What Pregnant and Breastfeeding Mums need to know about COVID-19 Vaccines

When Malaysia decided that Covid-19 vaccines would be made available for expecting and nursing mothers on a case-by-case basis, many were left wondering if they should be vaccinated or not. This was primarily because pregnant and lactating women were excluded from initial vaccine trials. Therefore, there isn’t a lot that we know about the potential effects on pregnant and lactating women, leading to whether it is safe for them to get vaccinated. 

Still, there are a couple of things to weigh in on like:

  • Your personal health
  • The dangers of contracting COVID-19 while pregnant and,
  • Whatever side effects you may experience post-vaccination. 

You also need to consider that fighting covid involves herd immunity because after being vaccinated, it is very likely we would develop immunity against the targeted disease. But having said that, those with underlying health conditions may not be eligible for vaccination. To stay protected, they have to live among those who have been vaccinated. 

This is why herd immunity works. As more and more of us are vaccinated, more and more of us would be immune, making it difficult for the pathogen to circulate. 

Dangers of Contracting COVID-19 While Pregnant

Even WHO, who initially advised pregnant mothers to avoid getting vaccinated, now allows healthcare providers and front-liners to be vaccinated. WHO decided this after considering the higher exposure and risk of severe COVID-19 infection in pregnancy, resulting in an increased risk of hospitalisation, ICU admission, and the need for respiratory support, resulting in worst-case scenarios: death. WHO also later recommended that breastfeeding mothers in high-risk exposure groups be offered vaccination without stopping breastfeeding.

Studies have also shown a higher risk of experiencing severe COVID-19 symptoms if contracted during and after pregnancy. This could result in a higher risk for cesarean delivery, preterm birth, hypertensive disorders of pregnancy, and postpartum haemorrhage. Having other underlying health risks like obesity, high blood pressure, or diabetes will also add to the risks.

What we do know for now

Although the internet is full of all sorts of unhelpful information, especially when it comes to conspiracy theories, here’s what we know so far:

  • The decision to vaccinate is your choice
  • While the vaccine was tested on animals, results have shown no evidence that it would cause harm to the pregnancy or fertility.
  • There are various types of COVID-19 vaccines approved by Malaysia that do not contain ‘live’ viruses like:
    • mRNA (Pfizer-BioNTech)
    • Viral vector (AstraZeneca, CanSino Biologics, Sputnik V)

There are also inactivated virus vaccines that contain dead coronaviruses like:

  • Inactivated vaccine (Sinovac)
  • Non-live vaccines have previously been shown to be safe in pregnancy and cannot give someone Covid-19.
  • Although minimal data following vaccination for pregnant and breastfeeding women means experts cannot conclude anything, they believe that the benefits still outweigh the risks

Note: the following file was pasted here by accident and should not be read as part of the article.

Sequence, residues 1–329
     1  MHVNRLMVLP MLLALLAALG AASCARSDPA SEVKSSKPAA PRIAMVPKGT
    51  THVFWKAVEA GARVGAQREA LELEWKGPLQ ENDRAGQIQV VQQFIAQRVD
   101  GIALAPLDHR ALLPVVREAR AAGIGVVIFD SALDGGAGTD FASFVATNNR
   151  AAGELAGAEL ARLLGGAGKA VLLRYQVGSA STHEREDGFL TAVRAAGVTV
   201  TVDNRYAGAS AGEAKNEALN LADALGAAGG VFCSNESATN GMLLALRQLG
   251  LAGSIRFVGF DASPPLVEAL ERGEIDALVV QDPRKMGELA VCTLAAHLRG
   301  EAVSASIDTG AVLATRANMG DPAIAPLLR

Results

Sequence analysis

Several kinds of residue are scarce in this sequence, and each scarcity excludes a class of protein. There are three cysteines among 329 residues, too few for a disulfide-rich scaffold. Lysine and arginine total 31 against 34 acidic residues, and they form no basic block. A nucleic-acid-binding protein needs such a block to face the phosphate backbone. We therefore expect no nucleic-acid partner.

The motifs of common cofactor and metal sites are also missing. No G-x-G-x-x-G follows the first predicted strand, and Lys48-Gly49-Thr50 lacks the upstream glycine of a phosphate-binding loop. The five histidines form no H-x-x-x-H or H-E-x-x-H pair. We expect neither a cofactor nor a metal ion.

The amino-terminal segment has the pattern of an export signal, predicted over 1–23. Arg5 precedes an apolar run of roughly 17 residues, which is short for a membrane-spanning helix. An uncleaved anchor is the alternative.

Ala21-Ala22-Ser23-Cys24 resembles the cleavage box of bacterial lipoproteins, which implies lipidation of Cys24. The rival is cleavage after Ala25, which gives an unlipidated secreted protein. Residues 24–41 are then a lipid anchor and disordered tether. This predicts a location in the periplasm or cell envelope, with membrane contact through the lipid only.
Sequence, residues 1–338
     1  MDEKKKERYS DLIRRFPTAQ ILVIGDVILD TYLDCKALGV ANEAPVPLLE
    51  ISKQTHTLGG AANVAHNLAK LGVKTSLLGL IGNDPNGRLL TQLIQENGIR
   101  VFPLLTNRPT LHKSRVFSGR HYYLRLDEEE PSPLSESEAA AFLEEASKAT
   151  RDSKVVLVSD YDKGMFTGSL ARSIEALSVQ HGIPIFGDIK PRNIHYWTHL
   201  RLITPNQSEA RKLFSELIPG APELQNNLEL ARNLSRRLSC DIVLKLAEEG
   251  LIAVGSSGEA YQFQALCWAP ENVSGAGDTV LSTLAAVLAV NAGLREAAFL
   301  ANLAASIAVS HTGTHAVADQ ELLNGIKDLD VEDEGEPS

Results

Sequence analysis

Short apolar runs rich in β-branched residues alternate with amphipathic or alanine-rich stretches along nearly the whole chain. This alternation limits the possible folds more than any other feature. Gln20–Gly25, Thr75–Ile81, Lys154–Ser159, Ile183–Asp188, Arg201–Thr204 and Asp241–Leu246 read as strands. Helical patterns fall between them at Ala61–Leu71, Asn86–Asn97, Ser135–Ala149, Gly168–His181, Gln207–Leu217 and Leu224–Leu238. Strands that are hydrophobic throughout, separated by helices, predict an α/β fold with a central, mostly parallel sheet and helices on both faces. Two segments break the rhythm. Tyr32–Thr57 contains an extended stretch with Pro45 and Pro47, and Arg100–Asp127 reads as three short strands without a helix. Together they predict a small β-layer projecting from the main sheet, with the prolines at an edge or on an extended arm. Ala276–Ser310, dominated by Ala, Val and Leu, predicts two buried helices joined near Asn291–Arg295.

• mRNA vaccines are incredibly short-lived and easily degraded; hence they are stored at cold temperatures to be used quickly after preparation. Upon administration, the body will either treat it as instructions to start building immunity or quickly break down any remaining trace amounts of mRNA. Therefore it is doubtful that any mRNAs would make it into breast milk or into the fetus through the placenta.
  • If you have been vaccinated, there is a high chance that the antibodies made by your body would be passed to your baby through the placenta, which would provide some protection.
  • So far, only one preliminary report has found elevated lgG and IgA(antibodies) in the breastmilk of vaccinated women, so it is still uncertain if it would help protect a breastfed infant.
  • The American College of Obstetricians and Gynecologists, the Society for Maternal-Fetal Medicine and the CDC agree that pregnant and breastfeeding mother should be offered the choice to get vaccinated.


Understand that getting vaccinated is a choice. Although experts are still collecting data about these vaccines with regards to pregnant and breastfeeding mums, they do believe that the benefits of getting vaccinated outweigh the risks. 

Malaysian mothers are advised to check with their health care provider before making a decision. This is so that doctors can assess each mother’s medical backgrounds and evaluate each pregnancy on a case-by-case basis. If you are feeling overwhelmed by all the information on the web, consult your doctor. They can help you decide if the vaccines are for you.

It is good to remember that the vaccines do not contain live coronavirus, so you cannot and will not get COVID-19 from getting vaccinated. Side effects are normal and temporary, lasting only a day or two, signifying your body’s natural response to recognising and fighting the virus.

Unfortunately, vaccines only work when people actually agree to get vaccinated. However, this does not mean we can go back to how it used to be. You will still need to continue wearing a mask, practice distancing and good personal hygiene. 

Ultimately, the decision is yours alone, so do your research and read from reliable sources. Ask your doctor all the questions you need before making a decision. For more information, please refer to the National Covid-19 Immunisation website. We might be a long way yet from achieving a breakthrough, but we can work towards a better normal together.

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